Healthcare is getting more digital by the nanosecond, and there’s always a need for new apps, apps that improve on existing apps, and even apps that are very specific to your area of expertise or your workplace.
No lie, learning how to code your own program is incredibly useful, and if you have the time to study it, it’s a very marketable skill to have. (There’s the potential to go from MD mom to app developer mom and work from home!)
But if, like Dr. Carstens, you have no background in coding, there are lots of app development tools like AppMakr for the layman to develop your app idea. If you have the resources, you can also hire an app developer to guide you through the process and fine-tune the more finicky details of your app.
Check out this list* for some very cheeky ideas, and use them as a springboard for brainstorming your own!
Work smarter, not harder
Breaking into entrepreneurship is much like picking your medical research paper topic (remember those days?). It starts with looking within your interests—because for your business to become successful, it helps if you actually enjoy it! Next comes asking a question you can answer, finding a problem you can solve, or searching for a need you can fulfill. Remember that there’s a difference only you can make, so your brand will be all about the unique way you can provide solutions to the problems you find.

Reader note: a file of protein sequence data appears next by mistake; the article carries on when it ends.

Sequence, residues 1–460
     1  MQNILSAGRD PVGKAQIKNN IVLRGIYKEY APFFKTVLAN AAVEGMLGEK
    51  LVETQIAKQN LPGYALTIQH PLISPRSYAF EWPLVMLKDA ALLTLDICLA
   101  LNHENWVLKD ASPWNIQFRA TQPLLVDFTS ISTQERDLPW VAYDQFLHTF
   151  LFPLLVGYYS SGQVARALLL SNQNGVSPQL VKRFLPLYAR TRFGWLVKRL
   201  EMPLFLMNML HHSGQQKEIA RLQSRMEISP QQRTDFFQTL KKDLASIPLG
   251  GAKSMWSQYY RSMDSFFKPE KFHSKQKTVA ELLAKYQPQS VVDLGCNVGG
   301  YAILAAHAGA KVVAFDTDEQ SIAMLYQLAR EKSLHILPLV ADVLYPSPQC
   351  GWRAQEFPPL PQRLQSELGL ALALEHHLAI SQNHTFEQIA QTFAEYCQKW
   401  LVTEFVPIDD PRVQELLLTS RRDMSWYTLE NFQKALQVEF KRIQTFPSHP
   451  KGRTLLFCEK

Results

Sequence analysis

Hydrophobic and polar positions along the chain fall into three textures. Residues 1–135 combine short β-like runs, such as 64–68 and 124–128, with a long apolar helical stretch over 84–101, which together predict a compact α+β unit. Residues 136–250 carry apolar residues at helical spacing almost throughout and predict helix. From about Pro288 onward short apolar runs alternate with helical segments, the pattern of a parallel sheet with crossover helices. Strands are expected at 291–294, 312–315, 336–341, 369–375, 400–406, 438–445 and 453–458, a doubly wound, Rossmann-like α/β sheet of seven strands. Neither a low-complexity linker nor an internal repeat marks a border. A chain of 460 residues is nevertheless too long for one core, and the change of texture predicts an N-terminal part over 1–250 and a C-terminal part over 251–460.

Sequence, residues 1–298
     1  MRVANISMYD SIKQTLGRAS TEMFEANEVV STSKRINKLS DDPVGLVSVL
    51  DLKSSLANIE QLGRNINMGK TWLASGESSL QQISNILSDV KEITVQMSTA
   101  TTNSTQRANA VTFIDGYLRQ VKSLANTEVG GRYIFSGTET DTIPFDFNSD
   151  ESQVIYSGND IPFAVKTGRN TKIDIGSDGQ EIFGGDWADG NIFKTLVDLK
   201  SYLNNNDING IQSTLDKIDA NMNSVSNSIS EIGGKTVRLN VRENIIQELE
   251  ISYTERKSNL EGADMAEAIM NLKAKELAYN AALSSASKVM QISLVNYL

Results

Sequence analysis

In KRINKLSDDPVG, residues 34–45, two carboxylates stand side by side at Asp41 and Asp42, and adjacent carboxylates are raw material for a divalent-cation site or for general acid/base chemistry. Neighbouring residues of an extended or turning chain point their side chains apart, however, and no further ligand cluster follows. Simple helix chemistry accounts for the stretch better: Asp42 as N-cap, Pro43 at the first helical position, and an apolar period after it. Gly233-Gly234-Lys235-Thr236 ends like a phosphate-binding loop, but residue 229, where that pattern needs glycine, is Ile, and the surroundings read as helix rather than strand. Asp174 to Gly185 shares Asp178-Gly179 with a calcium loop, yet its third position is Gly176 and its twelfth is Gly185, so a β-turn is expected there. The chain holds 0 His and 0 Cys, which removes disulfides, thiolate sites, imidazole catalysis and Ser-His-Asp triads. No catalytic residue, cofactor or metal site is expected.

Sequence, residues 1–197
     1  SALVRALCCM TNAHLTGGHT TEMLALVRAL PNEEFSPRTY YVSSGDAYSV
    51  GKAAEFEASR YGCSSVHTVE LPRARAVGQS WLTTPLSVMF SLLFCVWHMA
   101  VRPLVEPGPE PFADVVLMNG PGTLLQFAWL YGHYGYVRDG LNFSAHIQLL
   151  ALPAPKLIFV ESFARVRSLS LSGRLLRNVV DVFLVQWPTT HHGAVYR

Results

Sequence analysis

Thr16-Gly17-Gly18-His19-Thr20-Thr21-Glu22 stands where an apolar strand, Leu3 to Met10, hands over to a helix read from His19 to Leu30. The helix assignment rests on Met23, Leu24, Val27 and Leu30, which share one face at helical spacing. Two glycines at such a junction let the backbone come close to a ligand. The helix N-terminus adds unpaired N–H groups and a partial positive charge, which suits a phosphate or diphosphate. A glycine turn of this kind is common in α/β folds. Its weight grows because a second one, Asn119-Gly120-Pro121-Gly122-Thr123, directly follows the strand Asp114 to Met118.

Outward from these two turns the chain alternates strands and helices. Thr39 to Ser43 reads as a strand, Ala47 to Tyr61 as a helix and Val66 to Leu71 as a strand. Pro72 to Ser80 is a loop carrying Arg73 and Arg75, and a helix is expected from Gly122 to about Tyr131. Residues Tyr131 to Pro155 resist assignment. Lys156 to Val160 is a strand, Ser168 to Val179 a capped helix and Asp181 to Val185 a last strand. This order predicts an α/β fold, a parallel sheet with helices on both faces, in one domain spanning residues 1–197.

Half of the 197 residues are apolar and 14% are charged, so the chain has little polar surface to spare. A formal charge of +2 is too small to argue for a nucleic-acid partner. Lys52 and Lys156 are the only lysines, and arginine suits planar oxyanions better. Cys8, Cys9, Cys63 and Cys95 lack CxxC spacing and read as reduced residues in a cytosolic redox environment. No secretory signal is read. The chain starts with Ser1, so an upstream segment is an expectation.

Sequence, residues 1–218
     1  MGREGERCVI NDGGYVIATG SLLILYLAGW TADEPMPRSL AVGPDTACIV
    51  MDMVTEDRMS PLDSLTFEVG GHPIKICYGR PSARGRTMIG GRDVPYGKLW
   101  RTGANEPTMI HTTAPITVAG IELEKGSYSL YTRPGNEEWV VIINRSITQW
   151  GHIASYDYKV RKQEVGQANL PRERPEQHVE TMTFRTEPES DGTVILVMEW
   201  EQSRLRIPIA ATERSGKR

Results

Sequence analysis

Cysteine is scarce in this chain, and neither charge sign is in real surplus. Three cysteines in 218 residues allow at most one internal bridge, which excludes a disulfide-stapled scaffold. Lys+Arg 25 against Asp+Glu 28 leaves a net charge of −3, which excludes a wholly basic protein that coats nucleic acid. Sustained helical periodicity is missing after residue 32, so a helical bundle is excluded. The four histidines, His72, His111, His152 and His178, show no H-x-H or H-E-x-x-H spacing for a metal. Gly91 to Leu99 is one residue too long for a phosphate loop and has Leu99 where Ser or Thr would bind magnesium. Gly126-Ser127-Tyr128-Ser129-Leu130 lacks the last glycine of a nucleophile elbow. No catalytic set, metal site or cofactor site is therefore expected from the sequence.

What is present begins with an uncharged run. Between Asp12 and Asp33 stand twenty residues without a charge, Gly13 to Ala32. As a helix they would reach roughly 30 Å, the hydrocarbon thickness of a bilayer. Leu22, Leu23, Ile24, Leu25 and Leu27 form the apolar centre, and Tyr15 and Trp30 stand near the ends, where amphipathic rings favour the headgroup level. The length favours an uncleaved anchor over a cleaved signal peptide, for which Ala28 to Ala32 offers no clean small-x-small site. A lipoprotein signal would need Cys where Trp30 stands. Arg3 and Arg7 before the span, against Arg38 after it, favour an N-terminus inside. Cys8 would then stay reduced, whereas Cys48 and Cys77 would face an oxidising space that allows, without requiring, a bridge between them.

Building your own business will be an investment in money, effort, and time in the beginning. But once your business takes off and begins to earn enough passive income to supplement your active income, you’ll be able to practice being an MD without sacrificing your time as Mom.
To send you on your way, here are some words of wisdom from doctors who strayed off the beaten path of thirty-six-hour shifts, and took their time into their own hands:
- Dr. Jim Dahle of White Coat Investor: “One tricky thing about developing passive income sources as a physician or other high income professional is that your active income pays so well. So it is usually best to do the passive income thing on the side at first and gradually move into it as you see success. In the end, it will be worth it, as it will allow you to practice medicine exactly how and how much you like.”
- Dr. Zubin Damania of ZDoggMD: “Pursue your story with absolute conviction and passion and don’t let people dissuade you, because they will try. Mostly because they are afraid of addressing their own interests and passions, because that fear is beaten into us in health care.”
- Dr. Edna Ma: “You’ve already completed medical school and residency. Starting your own business or pursuing other sources of income will be easy compared to what you’ve already accomplished.”
About the author:
Melissa Lobo is a young and energetic writer, a mom to a sweet little boy, and a fur-mom to two perfect pooches. Before becoming the Associate Content Director for Project Female, she was a journalist specializing in topics related to women in politics and policy affecting women.